“Soviet Russia and Mao’s China were closed societies in an ideological sense, committed to a systemic alternative to capitalism—the socialist mode of production—which they tried to export to developing countries in the global south. Today’s Russia and China have no alternative economic model to export.”

“There is a kind of a modern martyrological imperialism going on in typical official Russian proclamations, the victims who are discussed lived well beyond the territory of today’s Russian Federation.”
“The Famine in the USSR, 1930–1934, a glossy, full-color anthology of archival documents explicitly refuted Ukrainian claims of exceptionalism and genocide, stressing the breadth of the famine’s impact on Russian, Cossack, and Kazakh populations, and the coercive but nonmurderous intent of the period’s punitive policies.”
“Documents on the Katyn massacre supported the official Russian position that the tragedy was the result of the officials’ abuse of power rather than any officially sanctioned action.”
“In history textbooks, things are described in such a way that it makes your hair stand on end.” Putin’s populist demand for a unified patriotic curriculum found immediate support in public opinion polling.

The relationship between history and politics in Eastern Europe experienced many dramatic changes since the beginning of Perestroika over 25 years ago. The 1990s and the beginning of 2000s were very productive years for historians. The "archive revolution" defined this period. Nonetheless there was growing concern in Moscow over the intensification of Eastern European historical policies targeted at Russia in the 2000s. The dramatic U-turn historical politics took in Russia after 2009-2010 is a major focus of analysis.

  • The search of identities in the official and alternative "Belarusianness", defined of course vis-à-vis "Russianness"; also in the sovereignty movement taking place in Tatarstan; Kalmykia presented to the English reading academic world.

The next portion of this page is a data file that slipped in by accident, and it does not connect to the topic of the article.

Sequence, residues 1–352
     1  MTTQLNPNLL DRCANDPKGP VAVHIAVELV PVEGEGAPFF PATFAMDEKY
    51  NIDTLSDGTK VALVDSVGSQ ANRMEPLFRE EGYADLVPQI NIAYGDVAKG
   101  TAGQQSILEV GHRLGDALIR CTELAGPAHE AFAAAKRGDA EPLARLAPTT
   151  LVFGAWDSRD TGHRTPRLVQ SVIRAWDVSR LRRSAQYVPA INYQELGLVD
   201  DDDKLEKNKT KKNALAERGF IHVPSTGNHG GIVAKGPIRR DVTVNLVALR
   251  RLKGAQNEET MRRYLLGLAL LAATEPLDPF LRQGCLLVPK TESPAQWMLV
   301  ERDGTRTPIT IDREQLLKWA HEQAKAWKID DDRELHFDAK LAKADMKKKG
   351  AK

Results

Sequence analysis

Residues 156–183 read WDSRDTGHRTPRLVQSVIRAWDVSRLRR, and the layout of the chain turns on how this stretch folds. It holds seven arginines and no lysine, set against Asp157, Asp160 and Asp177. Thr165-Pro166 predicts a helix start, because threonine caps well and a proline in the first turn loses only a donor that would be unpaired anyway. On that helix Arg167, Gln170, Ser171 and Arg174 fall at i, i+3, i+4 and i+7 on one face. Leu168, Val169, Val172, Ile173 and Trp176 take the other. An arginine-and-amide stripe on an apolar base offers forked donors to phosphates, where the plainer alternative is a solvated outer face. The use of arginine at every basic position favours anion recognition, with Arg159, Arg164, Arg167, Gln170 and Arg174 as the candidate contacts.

• Among twenty-nine post-communist transition models the political and economic performance of Russia is also examined; privatization, its policies, practices and outcomes in six transition economies, including the Russian Federation.
  • Studies on subjects like motherhood, childbearing, single mothers, divorce etc. present family life and childhood in Soviet times and in post-Soviet Russia and the Baltic States.
  • The anatomy of the Soviet past in contemporary Russian cinema in the context of post-1989 representation of communism.
  • With regard to the use of media in our age in the post-communist countries, one edited comparative volume seeks to characterize media systems: the Russian case wavers between a polarized pluralist model, a polarized corporatist model, or simply an authoritarian model. Another collection of essays observes media in the context of identities, discussing among others cases of Russian minorities in Kazakhstan, Estonia, Latvia and Ukraine.